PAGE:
Some of these coastal restoration projects include Integrated Marsh Management, which consists of restoring saltmarsh, grid-ditched for mosquito control in the 1930’s, by plugging ditches, removing fill material, controlling invasive plants and returning original hydrology to the saltmarsh. Other types of restoration include removing undersized or plugged culverts and installing adequately sized culverts to allow full tidal flushing to saltmarshes impaired by road construction.

The Partners Program has partnered with county conservation districts and private conservation groups such as The Nature Conservancy and The Trustees of Reservations to help restore vital grassland habitats through various techniques such as mowing, cutting, and controlled burning. The cost of grassland restoration ranges from $100 to $500 per acre.

Although Massachusetts was once mostly covered with non-woody herbaceous plants due to farming activity, these areas have now become mostly forested, resulting in a dramatic loss of grassland nesting migratory birds such as the bobolink and eastern meadowlark. Invasive plant species such as mutiflora rose have taken over many grasslands. Other specialized habitats such as sandplain grasslands located on Martha’s Vineyard have been lost due to development and habitat succession.

Anadromous Fish
The Partners Program has helped restore and rehabilitate a number of fishways on coastal streams on Cape Cod. In Plymouth, home of Plymouth Rock, the Partners Program is partnering with the town and many other agencies to rehabilitate a fishway and remove a dam. Costs associated with anadromous fish restoration can range anywhere from $10,000 to $40,000 per site, depending on the structure and repair work involved.

When European colonists came to Massachusetts, they found Native Americans using fish as fertilizer. Most likely these were river herring, anadromous fish that make their way up most coastal streams to spawn in freshwater ponds. After several hundred years of development, including construction of hydroelectric power facilities, many of these streams need fish passage facilities to overcome the obstacles posed by dams and diversions.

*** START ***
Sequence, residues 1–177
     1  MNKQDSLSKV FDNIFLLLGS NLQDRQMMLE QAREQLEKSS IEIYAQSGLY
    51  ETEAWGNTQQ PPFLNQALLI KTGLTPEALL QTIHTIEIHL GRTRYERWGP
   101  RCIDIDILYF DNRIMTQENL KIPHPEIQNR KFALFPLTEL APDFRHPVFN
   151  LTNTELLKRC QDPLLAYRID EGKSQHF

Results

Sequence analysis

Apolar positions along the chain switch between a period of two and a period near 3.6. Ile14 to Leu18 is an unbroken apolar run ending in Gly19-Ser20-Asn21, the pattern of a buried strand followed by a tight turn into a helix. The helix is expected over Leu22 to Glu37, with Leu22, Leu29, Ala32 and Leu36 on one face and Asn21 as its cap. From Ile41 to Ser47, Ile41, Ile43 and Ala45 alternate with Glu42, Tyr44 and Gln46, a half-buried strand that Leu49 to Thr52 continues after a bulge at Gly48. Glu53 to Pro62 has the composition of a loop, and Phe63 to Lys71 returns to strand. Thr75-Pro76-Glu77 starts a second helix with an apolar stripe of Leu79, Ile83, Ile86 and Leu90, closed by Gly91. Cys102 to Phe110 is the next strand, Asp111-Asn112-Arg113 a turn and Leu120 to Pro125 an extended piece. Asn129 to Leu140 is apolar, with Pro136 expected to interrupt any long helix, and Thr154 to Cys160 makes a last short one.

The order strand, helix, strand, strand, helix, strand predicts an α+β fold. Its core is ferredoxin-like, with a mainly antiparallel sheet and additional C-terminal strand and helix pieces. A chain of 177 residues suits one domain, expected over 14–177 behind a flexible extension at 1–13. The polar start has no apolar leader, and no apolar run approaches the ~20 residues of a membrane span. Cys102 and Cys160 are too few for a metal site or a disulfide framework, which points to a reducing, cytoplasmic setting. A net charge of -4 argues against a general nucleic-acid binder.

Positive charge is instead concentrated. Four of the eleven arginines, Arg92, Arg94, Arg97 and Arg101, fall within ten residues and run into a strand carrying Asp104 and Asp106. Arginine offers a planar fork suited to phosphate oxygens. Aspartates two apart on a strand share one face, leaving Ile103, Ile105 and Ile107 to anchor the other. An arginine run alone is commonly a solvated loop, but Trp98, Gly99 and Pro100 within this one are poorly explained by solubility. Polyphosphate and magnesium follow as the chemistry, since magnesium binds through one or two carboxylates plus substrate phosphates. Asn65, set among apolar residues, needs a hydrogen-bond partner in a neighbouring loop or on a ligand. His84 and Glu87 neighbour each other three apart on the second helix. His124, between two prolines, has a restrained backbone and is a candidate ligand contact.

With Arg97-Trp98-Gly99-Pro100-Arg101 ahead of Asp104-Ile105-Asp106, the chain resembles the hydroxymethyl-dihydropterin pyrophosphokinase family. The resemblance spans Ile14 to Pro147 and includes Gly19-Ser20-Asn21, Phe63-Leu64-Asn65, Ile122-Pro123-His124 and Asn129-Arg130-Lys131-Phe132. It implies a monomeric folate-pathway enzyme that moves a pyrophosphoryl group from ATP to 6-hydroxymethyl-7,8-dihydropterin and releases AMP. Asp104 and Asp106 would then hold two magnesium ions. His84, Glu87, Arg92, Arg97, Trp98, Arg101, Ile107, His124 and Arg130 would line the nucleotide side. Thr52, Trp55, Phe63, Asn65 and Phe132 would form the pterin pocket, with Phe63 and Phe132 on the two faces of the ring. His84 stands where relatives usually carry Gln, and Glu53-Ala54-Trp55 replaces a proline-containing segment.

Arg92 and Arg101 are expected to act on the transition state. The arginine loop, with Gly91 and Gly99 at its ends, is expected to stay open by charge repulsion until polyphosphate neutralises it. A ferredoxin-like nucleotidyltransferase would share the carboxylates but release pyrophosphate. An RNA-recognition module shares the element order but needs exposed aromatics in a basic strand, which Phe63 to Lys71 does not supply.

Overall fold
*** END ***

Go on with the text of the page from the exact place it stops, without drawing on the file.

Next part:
• 400 acres of wetlands habitat restored or improved.
  • 100 acres of upland habitat restored
  • 1,500 acres of beaver-created wetlands conserved/protected.
  • Fishway facilities on 6 streams restored/rehabilitated.
  • More than 7 miles of riparian buffers restored.

Future Needs
Hundreds of tidal restrictions and wetlands in need of restoration have been identified through inventories of coastal wetlands on the Massachusetts North Shore, South Shore, Buzzards Bay, and Cape Cod. Restoration opportunites throughout the State include:

  • 3,000 acres of restorable wetlands in coastal areas of Massachusetts
  • 500 miles of restorable streams and buffers
  • 1,000 acres of sandplain grassland/savannah habitat
  • 2,500 acres of native grassland
  • 3,000 dams in Massachusetts, many of which no longer serve a useful purpose, could be removed to restore native fish habitat.
  • More than 100 existing fish passage facilities on Massachusetts coastal streams need repair or rehabilitation.



Contact Partners for Fish and Wildlife Program in Massachusetts

Contact Partners for Fish and Wildlife Program in Massachusetts

Eric Derleth
New England Field Office
70 Commercial St
Suite 300
Concord, N.H. , Massachusetts  03301
Phone: 603 223-2541
Fax: 603 223-0104


Service Area

Statewide Program in:
  • Massachusetts

Office Locaters